Harmony H-62 Arch Top Hollow Body Electric Guitar (1957)

Harmony  H-62 Arch Top Hollow Body Electric Guitar  (1957)
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Item # 10266
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Harmony H-62 Model Arch Top Hollow Body Electric Guitar (1957), made in Chicago, serial # 2560-H62, sunburst lacquer finish, laminated maple body, laminated spruce top; maple neck with rosewood fingerboard, black tolex hard shell case.

This is a nice example of a cool if fairly obscure Harmony classic, the H-62. In the mid-50's this was one of Harmony's top of the line electric guitars. Essentially the same as the H-63 Espanada without the more badass gleaming black finish and metal edged trim, the H-62 is a more conventionally appointed full-depth 16 1/2" archtop with two pickups and a full Gibson-style wiring rig. This is not surprising as the pickups themselves were sourced from Gibson, through their parent company CMI. Referred to as P-13's, these metal-covered units with adjustable poles were Gibson's immediate predecessor to the P-90 first issued in 1940. After WWII, Gibson did not employ them again but sold decent numbers to Harmony, which used them on their better grade electrics up through the late '50s.

Even apart from the pickups, the H-62 is a fairly classy instrument despite Harmony's generally humble reputation. The H-62 in sunburst finish sold between $187.50 and $199.50 in the mid-50s, less than similar Gibsons but still not all that cheap by period standards. The laminated maple body with a spruce top is 4-ply bound, and the set-in maple neck has a bound rosewood fingerboard with pearloid block inlay. The neck has a fairly chunky but still comfortable round profile, far more player friendly then similar competitors from crosstown rival Kay. The tuners are openback Waverlys, the adjustable rosewood bridge and celluloid pickguard are standard Harmony fare and the fancy tailpiece was sourced from Germany.

With its two Gibson-made pickups the H-62 is a very good-sounding instrument, and can be both snarly and sweet when coaxed. The wiring is the now-common scheme Gibson developed in the early 1950s: tone and volume knobs for each pickup and a single toggle for selection. The neck is equipped with the then-new "Torque-Lok" trussrod, an under/over double design adjusted at the headstock that is actually quite effective. The internal factory date code on this guitar marks it as a 1957 model, as does the deep sunburst finish as earlier examples were only offered in natural. "Truly outstanding in design, detail and performance" claimed harmony in their 1955 catalog, and indeed the H-62 is indeed still a solid performer today; one of Harmony's all-time best crafted designs.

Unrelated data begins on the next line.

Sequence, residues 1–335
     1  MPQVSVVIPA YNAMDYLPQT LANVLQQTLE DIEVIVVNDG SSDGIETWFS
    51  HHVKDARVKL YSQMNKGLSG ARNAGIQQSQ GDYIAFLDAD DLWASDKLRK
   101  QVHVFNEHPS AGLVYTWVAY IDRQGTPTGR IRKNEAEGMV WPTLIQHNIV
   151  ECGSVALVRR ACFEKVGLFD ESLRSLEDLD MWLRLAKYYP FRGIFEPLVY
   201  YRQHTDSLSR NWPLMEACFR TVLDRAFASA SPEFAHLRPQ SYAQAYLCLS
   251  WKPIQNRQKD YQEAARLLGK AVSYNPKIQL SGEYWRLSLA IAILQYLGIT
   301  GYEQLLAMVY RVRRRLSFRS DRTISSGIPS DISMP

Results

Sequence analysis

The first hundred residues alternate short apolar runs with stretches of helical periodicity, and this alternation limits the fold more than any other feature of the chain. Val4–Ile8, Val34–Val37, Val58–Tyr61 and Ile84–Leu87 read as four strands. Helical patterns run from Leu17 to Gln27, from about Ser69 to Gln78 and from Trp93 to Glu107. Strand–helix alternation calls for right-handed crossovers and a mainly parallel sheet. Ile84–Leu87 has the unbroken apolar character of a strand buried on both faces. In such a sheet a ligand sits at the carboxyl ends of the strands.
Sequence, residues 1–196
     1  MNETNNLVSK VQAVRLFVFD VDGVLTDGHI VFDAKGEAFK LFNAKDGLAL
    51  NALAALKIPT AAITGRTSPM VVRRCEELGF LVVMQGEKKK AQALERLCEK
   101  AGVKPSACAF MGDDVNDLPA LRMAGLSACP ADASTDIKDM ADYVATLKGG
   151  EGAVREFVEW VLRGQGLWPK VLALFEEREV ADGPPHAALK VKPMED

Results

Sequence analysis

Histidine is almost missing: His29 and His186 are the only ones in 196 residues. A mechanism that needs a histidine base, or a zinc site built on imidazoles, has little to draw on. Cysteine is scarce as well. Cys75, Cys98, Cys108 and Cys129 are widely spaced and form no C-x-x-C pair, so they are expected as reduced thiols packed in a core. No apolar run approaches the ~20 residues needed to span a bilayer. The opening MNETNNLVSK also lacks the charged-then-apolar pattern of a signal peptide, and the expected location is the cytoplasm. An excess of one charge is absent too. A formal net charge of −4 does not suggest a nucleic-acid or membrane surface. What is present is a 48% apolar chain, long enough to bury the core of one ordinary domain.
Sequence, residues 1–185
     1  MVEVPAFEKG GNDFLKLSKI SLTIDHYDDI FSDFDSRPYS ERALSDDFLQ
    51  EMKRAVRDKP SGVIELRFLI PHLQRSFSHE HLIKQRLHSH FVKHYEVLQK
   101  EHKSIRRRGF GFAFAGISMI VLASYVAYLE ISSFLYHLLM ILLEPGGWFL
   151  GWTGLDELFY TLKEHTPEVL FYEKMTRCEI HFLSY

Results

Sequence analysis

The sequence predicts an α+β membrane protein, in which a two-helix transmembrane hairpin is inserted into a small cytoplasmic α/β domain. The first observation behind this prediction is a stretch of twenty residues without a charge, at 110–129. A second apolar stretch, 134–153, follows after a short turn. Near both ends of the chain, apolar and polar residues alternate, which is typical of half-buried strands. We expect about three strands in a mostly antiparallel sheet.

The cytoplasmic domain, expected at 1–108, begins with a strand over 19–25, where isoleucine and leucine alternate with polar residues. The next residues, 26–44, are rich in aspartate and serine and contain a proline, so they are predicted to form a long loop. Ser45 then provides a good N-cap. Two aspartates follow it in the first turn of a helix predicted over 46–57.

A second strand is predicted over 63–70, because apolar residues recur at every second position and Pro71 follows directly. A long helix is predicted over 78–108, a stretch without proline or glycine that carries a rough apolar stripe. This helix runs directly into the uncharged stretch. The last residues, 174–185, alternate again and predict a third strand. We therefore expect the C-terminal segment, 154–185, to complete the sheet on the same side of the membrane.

Overall length is 41 3/4 in. (106 cm.), 16 1/2 in. (41.9 cm.) wide at lower bout, and 3 1/2 in. (8.9 cm.) in depth, measured at side of rim. Scale length is 25 in. (635 mm.). Width of nut is 1 11/16 in. (43 mm.).

Overall this is a very nice example, showing some general wear but nothing too serious. There are dings, dents and scrapes over much of the original lacquer finish but no large areas of wear. The most noticeable are some small but dinks feelable on the back of the neck, a spot on the upper top where something was removed and some finger wear around the upper volume control. All hardware is original; there is one repaired crack in the front end of the pickguard but all else is as it left Chicago in 1957 with just some typical playing wear. The neck has been VERY expertly reset and refretted, making this as good a playing example of this fairly rare Harmony as anyone is likely to find! With its set neck and Gibson-derived pickups this is definitely one of Harmony's finest, most upscale creations, a great if unsung vintage blues or early Rockabilly box with a cool pedigree. Overall Excellent - Condition.